Linda Butcher joined SMK in September 2008, having been active in the voluntary and community sectors for more than two decades. From 2001-2008, she was Chief Executive of Off the Streets and Into Work (OSW), a charity that worked to alleviate poverty, homelessness and disadvantage, leading the development of the organisation from a London-based programme into an award winning, transnational network of organisations and individuals. OSW and CRISIS merged in 2010. Linda has also been a member of the London School of Economics Research Ethics Committee since 2008.
Dan organises with grassroots movements 'Plane Stupid Scotland' and 'So We Stand', bringing together anti-racism, anti-poverty and anti-climate change struggles to take united action.
He has spent the past five years in inner-city community and youth organising in Glasgow, Manchester and London. During this time he has worked building strategies for self-defence with communities of colour and economically marginalised communities that are disproportionately affected by polluting industries. Dan revels in finding ways to be a thorn in the side for those destroying the planet including duly occupying airports and dancing with old ladies blighted by flightpaths.
Jenny Driscoll, Senior Communications Manager at Which?
Jenny has been at Which? for over 12 years and have worked on campaigns in personal finance, energy, food and health. She has held various positions so has vast experience of targeting media, industry and government to achieve campaign aims. Prior to joining Which?, Jenny worked for ActionAid and the Church Urban Fund.
Join in the fun by leaving a comment here, or ask a question live and follow the debate today, Tuesday 15th March, from 1-3pm.
TakeVAT, the group which caused disruption at Heathrow two weeks ago, has struck again. This morning they "subvertised" an advertising billboard on a busy South London street as part of their ongoing campaign to highlight the fact that the aviation industry pays no VAT.
Speaking on behalf of the group, Cameron said, "When VAT has just gone up to 20% for the rest of us, it is unfair that one of the dirtiest and noisiest industries in the world doesn't pay any."
Rumour has it that TakeVAT have come out of yours truly, Plane Stupid. They plan more UK-Uncut type actions as part of their ongoing campaign.
Main board text
NO VAT on new *Aircraft. We pay VAT. Why don't they?
The aviation industry pays no VAT. Officially. There is no VAT charged on airline tickets or the purchase of aircraft. It is simply unfair that one of the dirtiest and noisiest industries in the world pays no VAT when it has gone up to 20% for all of us and for the rest of business and industry. We take direct action to highlight this injustice.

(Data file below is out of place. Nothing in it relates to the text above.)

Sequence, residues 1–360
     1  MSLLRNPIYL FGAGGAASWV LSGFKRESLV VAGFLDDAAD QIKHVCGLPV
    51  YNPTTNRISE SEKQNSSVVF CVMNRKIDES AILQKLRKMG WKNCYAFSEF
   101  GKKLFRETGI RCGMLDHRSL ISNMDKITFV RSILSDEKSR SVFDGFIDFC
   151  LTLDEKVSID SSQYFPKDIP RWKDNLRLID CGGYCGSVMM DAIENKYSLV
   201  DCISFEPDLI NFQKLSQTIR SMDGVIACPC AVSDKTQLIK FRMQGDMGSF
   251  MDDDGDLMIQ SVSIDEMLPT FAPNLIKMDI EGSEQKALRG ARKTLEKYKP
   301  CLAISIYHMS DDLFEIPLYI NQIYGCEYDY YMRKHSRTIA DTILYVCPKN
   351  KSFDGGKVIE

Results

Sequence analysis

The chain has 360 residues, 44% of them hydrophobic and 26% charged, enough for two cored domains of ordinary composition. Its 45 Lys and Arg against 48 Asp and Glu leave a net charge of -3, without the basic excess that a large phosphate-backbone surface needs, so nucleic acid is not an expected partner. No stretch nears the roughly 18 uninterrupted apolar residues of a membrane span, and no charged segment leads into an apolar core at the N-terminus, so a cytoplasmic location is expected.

Campaigners from the ‘Manchester Airport on Trial’ group were sentenced today after a 2 day trial at Trafford Magistrates’ court. The judge recognised the “sincerity” and “laudable motives” of the protesters, and handed down lenient sentences of 2 year conditional discharges and £310 in court costs each. One defendant received 80 hours of community service. The 6 campaigners stood trial for an action last May 2010 where they formed a human circle around the wheel of a Monarch Airline jet. All 6 pleaded not guilty to the charge of aggravated trespass, stating that they acted out of necessity to prevent the higher crime of climate change.
In November 2009 Manchester airport received planning approval to expand the World Freight Centre at Manchester Airport, which will result in the demolition of local homes and an increase in greenhouse gas emissions. Although the coalition government cancelled plans to build a third runway at Heathrow, campaigners are now focussing their action more regionally as capacity is now being increased at regional airports instead.
Martin Eakins, local councillor, described the local efforts to prevent expansion at the Airport. In response to the judge’s suggestion that campaigners would have had a strong case for judicial review of the plans, he explained that they had been refused funding on the basis that their challenge would be unsuccessful. Local resident, Pete Johnson, whose home on Hasty Lane faces demolition, told the court that their “efforts were thwarted by politicians with vested interests,” and that he felt “angry, frustrated and cheated.”
Over the 2 days the court has heard from many leading public figures who spoke out in defence of the ‘Manchester Airport on Trial’ group. On day one, leading scientist, Kevin Anderson, from the Tyndall Centre for Climate Research in Manchester, spoke out on the aviation industry’s ‘special treatment’. The aviation industry receives £9 billion a year in tax subsidies. Dr Geoff Meaden spoke on the impacts of climate change in the North West. Today public health expert Dr Robin Scott spoke on the health impacts of climate change. Expert witness statements were also read out including one written by John Mcdonnell MP who was a vocal politician in defeating the third runway at Heathrow airport.
People from across North England have now pledged to continue taking direct action to stop the expansion plans. The threatened homes in Manchester have ‘twinned’ with the village of Sipson which would have been demolished to make way for the Heathrow expansion.
Speaking after the ruling one of the 6 defendants Iain Hilton, said: